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Legislative News and Views - Rep. Laurie Pryor (DFL)

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Legislative Update - May 4, 2017

Thursday, May 4, 2017

Dear Neighbors,

Recently on the House Floor, we celebrated Arbor Day. As part of an annual tradition, several of my colleagues presented each of us with a Red Pine. The Red Pine, sometimes referred to as a Norway Pine, is Minnesota’s State Tree and can live several hundred years and reach well over 100 feet tall.

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With trees lasting over the course of many generations, this can serve as a good reminder to legislators that the decisions we make can have long ranging effects.

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The best part of this job continues to be meeting with constituents. Kim Moore and Britni Waters, both nurse practitioners, recently stopped by the Capitol.

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Transit Cuts

Yesterday, I stood with my DFL colleagues in opposition to short-sighted Republican attacks on transit services. These include a 10 percent cut to local bus service, a ban on continued planning of the Southwest and Bottineau LRT lines, and micromanaging communities as they look to plan future transit projects. These policies will harm many Minnesotans who rely on dependable bus, light rail, and commuter rail service to get to work, school, the grocery store, and appointments. Not only do the Republicans look to cut existing services, they also are seeking to halt construction of the Southwest LRT line.

According to a Star Tribune poll, a majority of Minnesotans from around the state support construction of this key corridor. To accommodate future growth in our region, it’s absolutely critical that we are forward thinking when it comes to transit improvements, and SWLRT is critical toward this goal.

Internet Privacy

As you may have heard, the U.S. Congress and President Trump recently sold out the data privacy of Americans to big internet service providers by repealing rules regulating what they can do with this sensitive data, and to whom they can sell it. Almost a month ago, nearly unanimously, both chambers of the state legislature fought back by passing amendments to the Jobs and Energy bill limiting what the ISPs can do with this data.

With such broad, bipartisan support, I was shocked to learn that these protections were dropped during House/Senate conference committee negotiations to the bill. This is an example of what happens when decisions are made behind closed doors and out of public view.


This week on the House Floor, my colleagues and I attempted to provide enhanced funding to the Minnesota Department of Health to address the current measles outbreak. The bill we were hoping to discuss would have funded an immunization grant program for specific geographic areas and populations experiencing (or at risk of) an outbreak of a vaccine-preventable disease. Unfortunately, the House Republicans shut down this effort.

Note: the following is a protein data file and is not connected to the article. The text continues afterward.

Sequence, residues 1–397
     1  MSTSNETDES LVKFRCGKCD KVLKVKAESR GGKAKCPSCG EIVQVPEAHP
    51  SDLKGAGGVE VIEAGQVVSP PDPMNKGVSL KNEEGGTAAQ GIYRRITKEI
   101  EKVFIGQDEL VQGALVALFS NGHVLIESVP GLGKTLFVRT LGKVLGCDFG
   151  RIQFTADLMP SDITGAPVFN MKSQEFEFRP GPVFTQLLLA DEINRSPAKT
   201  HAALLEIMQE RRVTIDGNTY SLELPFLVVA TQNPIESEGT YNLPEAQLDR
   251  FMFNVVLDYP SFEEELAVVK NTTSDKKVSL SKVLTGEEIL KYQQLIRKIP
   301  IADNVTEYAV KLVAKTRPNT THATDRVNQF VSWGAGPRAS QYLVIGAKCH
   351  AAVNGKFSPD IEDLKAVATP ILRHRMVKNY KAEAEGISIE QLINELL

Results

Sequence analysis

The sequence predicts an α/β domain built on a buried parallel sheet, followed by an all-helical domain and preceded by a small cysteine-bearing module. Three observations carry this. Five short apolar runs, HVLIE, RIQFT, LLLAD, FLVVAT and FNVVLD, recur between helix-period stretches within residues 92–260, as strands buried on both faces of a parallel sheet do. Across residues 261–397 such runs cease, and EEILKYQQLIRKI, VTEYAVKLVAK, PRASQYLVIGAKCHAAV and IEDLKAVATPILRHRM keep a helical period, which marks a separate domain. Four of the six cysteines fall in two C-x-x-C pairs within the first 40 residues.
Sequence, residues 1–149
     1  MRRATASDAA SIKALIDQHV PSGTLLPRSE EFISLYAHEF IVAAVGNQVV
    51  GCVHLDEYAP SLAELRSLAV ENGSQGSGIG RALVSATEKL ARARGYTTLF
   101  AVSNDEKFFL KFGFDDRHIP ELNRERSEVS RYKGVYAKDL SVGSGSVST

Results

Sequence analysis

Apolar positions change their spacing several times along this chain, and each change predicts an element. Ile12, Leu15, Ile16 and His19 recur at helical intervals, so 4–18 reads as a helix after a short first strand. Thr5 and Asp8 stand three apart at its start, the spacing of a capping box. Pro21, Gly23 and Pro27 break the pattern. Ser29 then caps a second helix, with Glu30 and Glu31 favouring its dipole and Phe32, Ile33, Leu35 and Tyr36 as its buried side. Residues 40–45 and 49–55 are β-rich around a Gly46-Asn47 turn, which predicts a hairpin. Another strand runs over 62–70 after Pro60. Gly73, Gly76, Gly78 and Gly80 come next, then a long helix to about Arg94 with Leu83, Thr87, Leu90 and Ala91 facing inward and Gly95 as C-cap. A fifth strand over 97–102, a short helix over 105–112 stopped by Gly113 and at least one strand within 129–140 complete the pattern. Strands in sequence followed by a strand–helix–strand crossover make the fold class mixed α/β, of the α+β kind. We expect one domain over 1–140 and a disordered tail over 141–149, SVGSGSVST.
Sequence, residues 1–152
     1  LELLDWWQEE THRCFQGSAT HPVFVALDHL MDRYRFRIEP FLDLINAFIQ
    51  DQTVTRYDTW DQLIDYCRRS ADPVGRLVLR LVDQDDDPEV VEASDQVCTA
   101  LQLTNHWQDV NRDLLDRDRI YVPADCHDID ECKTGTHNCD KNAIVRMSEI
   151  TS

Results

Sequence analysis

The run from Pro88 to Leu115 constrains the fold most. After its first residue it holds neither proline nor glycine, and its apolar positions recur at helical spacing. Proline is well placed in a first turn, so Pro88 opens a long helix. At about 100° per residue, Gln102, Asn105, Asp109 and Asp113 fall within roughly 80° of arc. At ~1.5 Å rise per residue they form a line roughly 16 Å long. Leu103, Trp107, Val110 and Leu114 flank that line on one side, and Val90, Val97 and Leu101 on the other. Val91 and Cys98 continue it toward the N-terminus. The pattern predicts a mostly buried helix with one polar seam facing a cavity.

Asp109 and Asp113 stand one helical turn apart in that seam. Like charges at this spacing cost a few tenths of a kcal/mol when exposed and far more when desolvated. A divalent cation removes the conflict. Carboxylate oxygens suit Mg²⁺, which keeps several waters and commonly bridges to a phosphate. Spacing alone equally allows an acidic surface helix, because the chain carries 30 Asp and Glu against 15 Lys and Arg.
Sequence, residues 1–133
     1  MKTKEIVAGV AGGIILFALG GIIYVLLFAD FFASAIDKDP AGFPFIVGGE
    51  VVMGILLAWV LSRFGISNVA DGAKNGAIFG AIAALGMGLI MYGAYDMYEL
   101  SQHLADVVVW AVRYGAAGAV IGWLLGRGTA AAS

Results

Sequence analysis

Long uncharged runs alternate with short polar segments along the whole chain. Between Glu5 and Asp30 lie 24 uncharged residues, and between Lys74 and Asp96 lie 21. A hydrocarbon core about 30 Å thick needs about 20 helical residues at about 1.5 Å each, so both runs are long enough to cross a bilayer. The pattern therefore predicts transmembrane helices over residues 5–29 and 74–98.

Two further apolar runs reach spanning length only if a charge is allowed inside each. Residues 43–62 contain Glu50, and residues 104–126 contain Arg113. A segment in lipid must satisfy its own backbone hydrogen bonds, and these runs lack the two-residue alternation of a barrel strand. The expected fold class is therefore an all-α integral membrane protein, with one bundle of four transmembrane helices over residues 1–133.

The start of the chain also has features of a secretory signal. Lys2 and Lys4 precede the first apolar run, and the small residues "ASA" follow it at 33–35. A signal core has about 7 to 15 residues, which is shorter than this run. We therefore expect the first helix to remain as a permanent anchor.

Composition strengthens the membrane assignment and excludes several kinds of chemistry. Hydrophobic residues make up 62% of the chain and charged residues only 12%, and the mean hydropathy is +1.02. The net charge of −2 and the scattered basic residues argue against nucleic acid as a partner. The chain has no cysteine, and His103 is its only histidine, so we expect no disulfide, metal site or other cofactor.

Measles is a highly contagious disease that can lead to hospitalization and in rare cases death. It spreads through the air by coughing or sneezing. You can get measles by just being in the same room as someone who is sick. Symptoms include a high fever, cough, runny nose and watery eyes, followed by a rash that typically spreads from head to the rest of the body. A person with measles can pass it to others from four days before their rash appears to four days after it appears.

For parents concerned about the cost of immunizations, the Minnesota Vaccines for Children Program provides free or low-cost vaccines for eligible children through age 18. More information is available at Can My Child Get Free or Low Cost Shots? For more information on measles, updates on the outbreak and important contact info you can go to the Minnesota Department of Health website here. You can also find a Measles fact sheet translated in other languages here.

Small Business Week

The first week of May is Small Business Week. The Minnesota Department of Revenue recently launched a Business Center, which conveniently makes available business tax information and resources for businesses and organizations of all types and sizes. Some features include:

There are under three weeks remaining in the session. With such a short time left, I hope you will reach out with your feedback. Please call me at the Capitol or email me any time with your comments, input, or if I can ever be of assistance.


Laurie Pryor

State Representative